Leadership in the contemporary society has become vital in all sectors. However, as a concept, leadership has continued to bewilder many people as it appears to be confusing, complex or just captivating (Northouse and Northouse, 2009, p.3). Many people are convinced that leadership is a process that is intended to improve personal, social or professional lives. In addition, complexity about leadership has made many corporations to engage in activities of seeking individuals with leadership abilities where they rate such individuals to be endowed with adequate abilities to transform their organizations (Northouse and Northouse, 2009, p.3).
Backed by globalization, the 21st century is presenting corporations with opportunities to ‘import’ leaders with exceptional leadership characteristics from other societies different from theirs and the issue of leadership has been intertwined with various aspects such as culture, political, economics, values and even religions that have come to dominate the modern corporate world. Therefore, this paper will concentrate on discussing corporate leadership in Japan.
Leading in Japan
As a corporate manager in Japan for relatively long time, I have come to understand that to successfully lead in this society, basic knowledge about the country’s culture, values, ethics, political system, economic systems and business practices are necessary for any aspiring manager in that society. Japan’s modern transformation in its key institutions can be traced to the beginning of the Meiji restoration which to great extent opened the society to the outside world.
Japan’s traditions, culture and values
Japan is a society that is saturated with customs, values and social relationships that have tightly connected Japan’s modern generations to the past generations. From the year 1945, Japan has seen the fall of the emperor-centered family-state and today, many Japanese have come to be known by others through their cultural traditions. Such traditional characteristics of Japanese people include: group harmony, aversion to litigation, the martial arts and industrial paternalism together with other traditional values and practices, all of which have come to influence the modern world of most Japanese.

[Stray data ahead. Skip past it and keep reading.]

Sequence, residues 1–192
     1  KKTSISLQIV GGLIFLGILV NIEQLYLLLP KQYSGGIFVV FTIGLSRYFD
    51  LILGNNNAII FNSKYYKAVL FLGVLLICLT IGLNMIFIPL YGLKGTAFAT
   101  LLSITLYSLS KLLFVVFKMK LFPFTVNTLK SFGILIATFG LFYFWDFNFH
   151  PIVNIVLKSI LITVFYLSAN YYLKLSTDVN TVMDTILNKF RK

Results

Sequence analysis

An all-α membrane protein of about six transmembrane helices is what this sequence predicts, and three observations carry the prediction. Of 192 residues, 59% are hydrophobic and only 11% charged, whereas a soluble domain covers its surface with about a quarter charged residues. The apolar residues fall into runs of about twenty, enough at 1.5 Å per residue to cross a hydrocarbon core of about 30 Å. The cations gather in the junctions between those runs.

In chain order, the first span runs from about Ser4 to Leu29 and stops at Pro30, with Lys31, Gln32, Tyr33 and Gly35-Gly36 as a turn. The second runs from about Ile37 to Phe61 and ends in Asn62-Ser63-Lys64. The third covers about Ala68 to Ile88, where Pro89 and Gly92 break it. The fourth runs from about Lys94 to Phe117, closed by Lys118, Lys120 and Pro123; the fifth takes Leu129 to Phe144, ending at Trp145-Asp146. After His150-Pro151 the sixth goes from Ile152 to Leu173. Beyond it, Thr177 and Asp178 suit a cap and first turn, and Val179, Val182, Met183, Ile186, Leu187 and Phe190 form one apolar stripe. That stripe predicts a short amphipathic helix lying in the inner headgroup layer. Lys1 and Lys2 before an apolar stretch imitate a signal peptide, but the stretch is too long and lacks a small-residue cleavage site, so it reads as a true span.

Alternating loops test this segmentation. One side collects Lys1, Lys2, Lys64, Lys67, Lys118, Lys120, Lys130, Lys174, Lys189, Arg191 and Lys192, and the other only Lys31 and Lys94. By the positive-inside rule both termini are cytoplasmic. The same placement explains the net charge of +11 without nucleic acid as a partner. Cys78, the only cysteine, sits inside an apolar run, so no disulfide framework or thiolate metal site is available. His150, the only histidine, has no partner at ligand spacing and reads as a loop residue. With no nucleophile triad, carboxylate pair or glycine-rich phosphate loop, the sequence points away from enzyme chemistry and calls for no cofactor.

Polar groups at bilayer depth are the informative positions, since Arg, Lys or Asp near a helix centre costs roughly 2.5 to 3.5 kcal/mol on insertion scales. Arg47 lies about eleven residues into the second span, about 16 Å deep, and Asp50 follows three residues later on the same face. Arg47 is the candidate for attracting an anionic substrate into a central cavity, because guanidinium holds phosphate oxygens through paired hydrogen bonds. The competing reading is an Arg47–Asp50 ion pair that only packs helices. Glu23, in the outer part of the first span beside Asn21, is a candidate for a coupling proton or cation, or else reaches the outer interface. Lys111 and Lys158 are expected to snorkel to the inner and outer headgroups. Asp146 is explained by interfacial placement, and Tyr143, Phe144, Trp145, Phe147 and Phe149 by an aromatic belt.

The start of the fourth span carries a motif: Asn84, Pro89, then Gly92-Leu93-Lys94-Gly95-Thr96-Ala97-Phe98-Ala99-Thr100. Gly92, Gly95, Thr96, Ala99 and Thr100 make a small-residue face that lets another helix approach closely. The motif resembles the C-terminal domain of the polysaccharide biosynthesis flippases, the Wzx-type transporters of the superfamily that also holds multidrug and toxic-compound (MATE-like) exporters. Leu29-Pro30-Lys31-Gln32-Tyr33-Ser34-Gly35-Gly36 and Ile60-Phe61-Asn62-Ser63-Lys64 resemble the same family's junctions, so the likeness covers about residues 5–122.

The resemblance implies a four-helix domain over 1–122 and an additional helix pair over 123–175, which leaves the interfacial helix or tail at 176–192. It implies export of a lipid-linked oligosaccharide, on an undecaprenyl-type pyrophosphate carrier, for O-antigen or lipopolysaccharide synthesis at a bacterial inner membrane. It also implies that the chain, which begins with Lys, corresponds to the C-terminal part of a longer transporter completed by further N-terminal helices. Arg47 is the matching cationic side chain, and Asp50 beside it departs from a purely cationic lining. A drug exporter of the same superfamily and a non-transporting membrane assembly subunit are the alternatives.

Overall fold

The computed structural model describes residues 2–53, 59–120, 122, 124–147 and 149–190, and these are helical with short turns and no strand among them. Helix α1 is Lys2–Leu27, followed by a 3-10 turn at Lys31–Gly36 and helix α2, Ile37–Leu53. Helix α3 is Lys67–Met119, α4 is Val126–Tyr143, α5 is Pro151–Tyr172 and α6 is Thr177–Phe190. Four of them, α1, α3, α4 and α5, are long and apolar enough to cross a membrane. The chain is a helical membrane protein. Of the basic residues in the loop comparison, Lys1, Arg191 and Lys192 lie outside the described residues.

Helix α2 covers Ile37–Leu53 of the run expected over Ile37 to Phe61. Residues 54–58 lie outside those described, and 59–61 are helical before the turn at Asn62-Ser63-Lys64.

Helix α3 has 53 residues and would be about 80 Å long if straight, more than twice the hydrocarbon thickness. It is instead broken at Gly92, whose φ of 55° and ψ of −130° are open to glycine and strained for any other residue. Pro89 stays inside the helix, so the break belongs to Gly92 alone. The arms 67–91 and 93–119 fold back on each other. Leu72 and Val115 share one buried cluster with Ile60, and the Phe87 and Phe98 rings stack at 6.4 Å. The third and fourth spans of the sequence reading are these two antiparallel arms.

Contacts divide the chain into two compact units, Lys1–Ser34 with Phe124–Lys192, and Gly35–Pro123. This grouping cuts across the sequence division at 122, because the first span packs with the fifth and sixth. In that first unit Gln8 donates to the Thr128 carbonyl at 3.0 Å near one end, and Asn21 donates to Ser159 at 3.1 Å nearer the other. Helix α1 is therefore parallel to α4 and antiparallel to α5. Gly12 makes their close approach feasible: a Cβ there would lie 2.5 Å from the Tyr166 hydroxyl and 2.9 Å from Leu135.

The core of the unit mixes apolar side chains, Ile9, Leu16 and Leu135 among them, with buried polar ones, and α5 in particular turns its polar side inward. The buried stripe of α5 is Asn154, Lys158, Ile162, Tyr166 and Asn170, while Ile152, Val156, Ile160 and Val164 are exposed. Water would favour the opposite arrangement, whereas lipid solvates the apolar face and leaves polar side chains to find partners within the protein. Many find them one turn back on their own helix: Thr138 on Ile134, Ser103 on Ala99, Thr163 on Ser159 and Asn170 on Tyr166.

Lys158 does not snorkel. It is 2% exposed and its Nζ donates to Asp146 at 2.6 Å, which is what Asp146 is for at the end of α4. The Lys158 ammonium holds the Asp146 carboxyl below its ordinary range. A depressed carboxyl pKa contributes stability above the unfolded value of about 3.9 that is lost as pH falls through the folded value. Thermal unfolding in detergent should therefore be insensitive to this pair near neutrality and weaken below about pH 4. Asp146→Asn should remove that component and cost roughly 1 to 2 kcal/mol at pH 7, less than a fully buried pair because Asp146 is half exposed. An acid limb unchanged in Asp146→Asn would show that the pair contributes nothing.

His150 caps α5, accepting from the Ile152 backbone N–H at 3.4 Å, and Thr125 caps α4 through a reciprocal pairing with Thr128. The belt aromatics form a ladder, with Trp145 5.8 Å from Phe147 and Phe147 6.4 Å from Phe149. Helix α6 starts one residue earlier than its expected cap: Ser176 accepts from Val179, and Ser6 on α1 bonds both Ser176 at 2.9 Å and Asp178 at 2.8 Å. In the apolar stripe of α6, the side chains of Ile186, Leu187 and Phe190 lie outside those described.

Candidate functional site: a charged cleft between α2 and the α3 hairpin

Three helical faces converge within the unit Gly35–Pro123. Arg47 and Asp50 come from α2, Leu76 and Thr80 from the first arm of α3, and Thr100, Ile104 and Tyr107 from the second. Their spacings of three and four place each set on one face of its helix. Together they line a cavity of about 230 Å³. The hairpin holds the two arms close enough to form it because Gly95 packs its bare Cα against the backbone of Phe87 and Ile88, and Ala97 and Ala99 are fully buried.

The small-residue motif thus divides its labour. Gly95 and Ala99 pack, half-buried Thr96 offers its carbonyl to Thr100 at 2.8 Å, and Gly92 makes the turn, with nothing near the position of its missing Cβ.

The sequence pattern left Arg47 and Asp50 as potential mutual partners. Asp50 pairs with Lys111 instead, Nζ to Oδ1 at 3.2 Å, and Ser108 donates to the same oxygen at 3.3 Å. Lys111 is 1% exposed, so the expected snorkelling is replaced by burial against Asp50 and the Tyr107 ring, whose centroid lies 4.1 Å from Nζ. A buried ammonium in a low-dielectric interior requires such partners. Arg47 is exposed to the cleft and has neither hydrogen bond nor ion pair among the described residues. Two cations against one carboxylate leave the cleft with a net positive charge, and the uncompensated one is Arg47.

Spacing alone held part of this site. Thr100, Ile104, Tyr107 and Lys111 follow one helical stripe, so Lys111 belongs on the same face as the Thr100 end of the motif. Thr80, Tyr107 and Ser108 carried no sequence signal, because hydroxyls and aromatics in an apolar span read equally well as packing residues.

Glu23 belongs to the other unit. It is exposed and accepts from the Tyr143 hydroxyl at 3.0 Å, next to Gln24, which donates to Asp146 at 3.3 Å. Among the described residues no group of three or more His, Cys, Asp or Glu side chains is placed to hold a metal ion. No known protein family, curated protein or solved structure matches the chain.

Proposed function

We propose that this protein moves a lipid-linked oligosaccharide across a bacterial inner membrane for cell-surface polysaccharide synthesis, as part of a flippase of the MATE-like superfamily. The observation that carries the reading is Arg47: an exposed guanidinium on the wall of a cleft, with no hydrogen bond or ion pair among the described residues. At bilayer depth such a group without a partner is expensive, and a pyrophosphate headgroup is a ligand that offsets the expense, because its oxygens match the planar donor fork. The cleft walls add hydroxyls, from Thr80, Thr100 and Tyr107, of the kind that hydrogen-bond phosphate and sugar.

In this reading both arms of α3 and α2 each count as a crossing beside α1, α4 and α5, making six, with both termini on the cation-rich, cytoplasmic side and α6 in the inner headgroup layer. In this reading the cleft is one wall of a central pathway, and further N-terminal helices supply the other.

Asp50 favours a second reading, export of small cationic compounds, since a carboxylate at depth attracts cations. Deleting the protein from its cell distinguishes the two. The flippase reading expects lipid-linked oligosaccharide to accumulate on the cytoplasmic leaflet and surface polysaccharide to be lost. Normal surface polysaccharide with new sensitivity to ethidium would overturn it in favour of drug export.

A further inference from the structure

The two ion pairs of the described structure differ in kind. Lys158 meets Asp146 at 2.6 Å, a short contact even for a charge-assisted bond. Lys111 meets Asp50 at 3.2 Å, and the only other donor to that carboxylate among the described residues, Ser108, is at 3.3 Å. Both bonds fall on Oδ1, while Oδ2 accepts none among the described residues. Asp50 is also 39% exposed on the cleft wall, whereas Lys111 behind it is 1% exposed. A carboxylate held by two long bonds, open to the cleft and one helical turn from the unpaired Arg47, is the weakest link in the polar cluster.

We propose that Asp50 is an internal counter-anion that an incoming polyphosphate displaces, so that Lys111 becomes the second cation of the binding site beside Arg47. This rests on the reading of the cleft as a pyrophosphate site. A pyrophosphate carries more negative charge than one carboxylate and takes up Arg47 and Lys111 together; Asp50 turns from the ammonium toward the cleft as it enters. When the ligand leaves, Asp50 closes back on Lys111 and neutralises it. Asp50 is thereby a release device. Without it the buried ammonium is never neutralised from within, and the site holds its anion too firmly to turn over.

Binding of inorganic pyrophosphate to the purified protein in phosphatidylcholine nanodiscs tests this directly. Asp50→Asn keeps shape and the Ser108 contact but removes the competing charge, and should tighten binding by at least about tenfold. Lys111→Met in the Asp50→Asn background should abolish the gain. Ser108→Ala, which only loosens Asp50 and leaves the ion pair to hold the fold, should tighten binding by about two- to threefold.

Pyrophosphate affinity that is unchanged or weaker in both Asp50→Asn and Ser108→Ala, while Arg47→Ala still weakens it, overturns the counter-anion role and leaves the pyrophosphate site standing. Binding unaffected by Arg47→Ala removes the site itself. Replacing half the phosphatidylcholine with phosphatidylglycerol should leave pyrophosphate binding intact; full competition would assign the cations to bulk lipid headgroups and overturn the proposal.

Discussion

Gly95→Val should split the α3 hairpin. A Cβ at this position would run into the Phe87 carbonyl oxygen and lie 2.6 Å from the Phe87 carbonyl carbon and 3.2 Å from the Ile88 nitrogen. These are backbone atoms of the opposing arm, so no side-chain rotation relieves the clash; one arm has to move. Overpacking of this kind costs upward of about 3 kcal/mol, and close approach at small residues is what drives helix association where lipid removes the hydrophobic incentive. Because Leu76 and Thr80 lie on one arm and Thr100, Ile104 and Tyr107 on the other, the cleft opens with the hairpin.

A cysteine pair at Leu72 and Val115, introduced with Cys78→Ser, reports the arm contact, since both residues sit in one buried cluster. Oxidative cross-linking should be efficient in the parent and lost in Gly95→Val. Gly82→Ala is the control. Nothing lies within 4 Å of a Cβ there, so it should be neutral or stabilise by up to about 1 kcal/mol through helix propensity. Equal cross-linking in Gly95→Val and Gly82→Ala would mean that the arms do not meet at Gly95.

Characteristics of culture
For many years, the Japan’s culture has remained homogenous, centered on a few core values, personality traits and moral virtues. Before the Meiji restoration took place, the Japanese society was totally insulated from the rest of the world by the earlier government of Tokugawa. Hearn, in his book ‘Glimpses of Unfamiliar Japan (1894)’ describes Japanese as people who are humble and persevering; while in circumstances of danger, threat, grief or any other threatening situations, they continue to have a sense of dignity and afford to put on a smile (Matsumoto, 2002, p.4). Inazo Nitobe, writing in 1969 noted core values that characterized Japanese: justice, courage, benevolence, politeness, veracity, sincerity, honor, loyalty and self-control (Matsumoto, 2002, p.5). After the Second World War, aspects of Japanese culture were noted to have undergone change but the basics were still intact. For instance, the Japanese were found to be more group-oriented and to be too much conscious of ‘shame culture’. At the same time, the traits of ‘willpower’ still dominate the culture of Japanese which is manifested in personality traits such as; self-discipline, loyalty, strength, fortitude, perseverance, single-mindedness, group spirit, self-discipline and devotion (Matsumoto, 2002, p.8).
The Japan success in economy has been attributed to various factors that range from national character to restrictive international trade practices. But much of the economic success has been realized due to an effective and highly skilled labor force that is generally committed to hard work and producing quality output. In addition, the postwar Japan has embraced capitalism though different from that of USA. It is important to note that the current economic system of Japan especially in terms of rules, regulations, basic corporate governance, corporate behavior patterns and the role of government greatly differ from those of other western industrialists specifically USA (Lincoln, 2001, p.16). Today, Japan economic system is characterized by: 1) bank-centered financial system which allows a longer-term corporate planning horizon; 2) corporate governance with weak shareholders and board members but strong managerial control and bank oversight; 3) reduced price competition which in turn reduces corporate failure and the attendant waste of investment resources; 4) internal labor markets and ‘lifetime employments’ which has contributed to enhancing productivity through employee loyalty; and 5) industrial policy that produces greater efficiency and higher economic growth where government oversee the allocation of resources to the best use (Lincoln, 2001, p.17).